Can Helmetless Drills Decrease Football Head Impacts?
The National Athletic Trainers' Association (NATA), Dallas, issued an interesting press release Dec. 18 related to the hot-button issue of head impacts in football. The release stated:
"Head impacts in football players are directly associated with brain and spine injury and have been suggested to be associated with chronic injuries, making this a topic of continued national concern. To reduce the risk of head-impact injury, researchers and others have sought ways to improve helmet technology, reduce contact during practices, and alter game rules."
A new study, "Early Results of a Helmetless-Tackling Intervention to Decrease Head Impacts in Football Players," published in the Journal of Athletic Training investigated the effectiveness of helmetless tackling to reduce head-impact exposure in an NCAA Division I football program.
"Given proper training, education and instruction, college football players can safely perform supervised tackling and blocking drills in practice without helmets," said Erik E. Swartz, PhD, ATC, FNATA, lead author of the study and professor and chair, Department of Kinesiology, University of New Hampshire. "This intervention also eliminates a false sense of security a player may feel when wearing a helmet. Younger players with less experience may require modifications to this intervention to realize a positive effect. While more research is needed, our results do show a reduction in head impacts during our one season of testing."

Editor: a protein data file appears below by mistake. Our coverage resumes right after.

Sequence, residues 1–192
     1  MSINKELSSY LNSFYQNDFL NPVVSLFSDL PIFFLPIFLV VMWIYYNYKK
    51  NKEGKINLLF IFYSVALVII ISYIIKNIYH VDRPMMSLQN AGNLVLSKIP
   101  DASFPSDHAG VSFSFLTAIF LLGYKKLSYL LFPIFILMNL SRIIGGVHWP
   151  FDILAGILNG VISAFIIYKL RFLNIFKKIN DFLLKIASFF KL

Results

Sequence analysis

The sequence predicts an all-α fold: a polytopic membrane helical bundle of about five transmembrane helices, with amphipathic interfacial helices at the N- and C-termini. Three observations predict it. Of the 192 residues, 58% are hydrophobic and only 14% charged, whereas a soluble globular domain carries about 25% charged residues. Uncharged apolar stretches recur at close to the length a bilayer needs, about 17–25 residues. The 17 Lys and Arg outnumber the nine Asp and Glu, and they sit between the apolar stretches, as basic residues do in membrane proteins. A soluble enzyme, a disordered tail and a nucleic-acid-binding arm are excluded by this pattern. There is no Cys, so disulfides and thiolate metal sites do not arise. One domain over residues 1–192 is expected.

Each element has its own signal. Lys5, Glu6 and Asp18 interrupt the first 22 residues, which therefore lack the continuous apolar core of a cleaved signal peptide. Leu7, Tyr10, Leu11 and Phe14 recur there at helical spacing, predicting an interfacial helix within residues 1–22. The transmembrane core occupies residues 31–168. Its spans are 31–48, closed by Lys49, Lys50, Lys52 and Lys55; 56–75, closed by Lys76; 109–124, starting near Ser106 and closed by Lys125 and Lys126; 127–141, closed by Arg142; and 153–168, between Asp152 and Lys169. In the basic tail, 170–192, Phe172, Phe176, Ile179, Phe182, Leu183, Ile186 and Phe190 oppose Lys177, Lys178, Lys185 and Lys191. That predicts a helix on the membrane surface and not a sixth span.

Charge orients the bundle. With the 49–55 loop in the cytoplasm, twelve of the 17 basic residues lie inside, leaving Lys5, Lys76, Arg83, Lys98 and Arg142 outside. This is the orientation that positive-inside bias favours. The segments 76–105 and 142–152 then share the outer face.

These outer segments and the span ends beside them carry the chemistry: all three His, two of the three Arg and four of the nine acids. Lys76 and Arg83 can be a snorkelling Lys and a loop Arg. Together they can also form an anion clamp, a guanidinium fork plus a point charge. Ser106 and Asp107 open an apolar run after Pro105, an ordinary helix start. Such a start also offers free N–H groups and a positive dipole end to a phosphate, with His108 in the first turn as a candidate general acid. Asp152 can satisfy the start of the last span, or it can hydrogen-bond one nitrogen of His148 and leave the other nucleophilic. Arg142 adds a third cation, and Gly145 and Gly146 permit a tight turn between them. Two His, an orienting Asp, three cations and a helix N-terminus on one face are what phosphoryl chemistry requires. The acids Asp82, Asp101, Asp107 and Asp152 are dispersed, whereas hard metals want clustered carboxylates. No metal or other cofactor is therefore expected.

The results stem from the first year of a two-year study focusing on 50 NCAA Division I football players at the University of New Hampshire who were assigned to an intervention or control group. The intervention group participated in 5-minute tackling drills without their helmets and shoulder pads. Drills occurred twice per week during preseason practices and once per week throughout the competitive season. Meanwhile, the control group performed noncontact football skills with no change to their routine. All athletes were provided head-impact patch sensors worn on the skin and new helmets. At the end of the season, the intervention group experienced a 28-percent reduction in head impacts during practices and games than the control group.
"These findings elucidate the risk-compensation phenomenon and may help explain the behavior of spearing and the rise in catastrophic neck and head injuries that followed," the study authors noted. "A football helmet is designed to protect players from traumatic head injury, but also enables them to initiate and sustain impacts because of the protection it affords. While improving protective equipment in and of itself will not resolve the risk of concussion and spine injury in football, the solution may be found in behavior modification."
What are your thoughts about this study and the merits of helmetless drills to help reduce head impacts in football?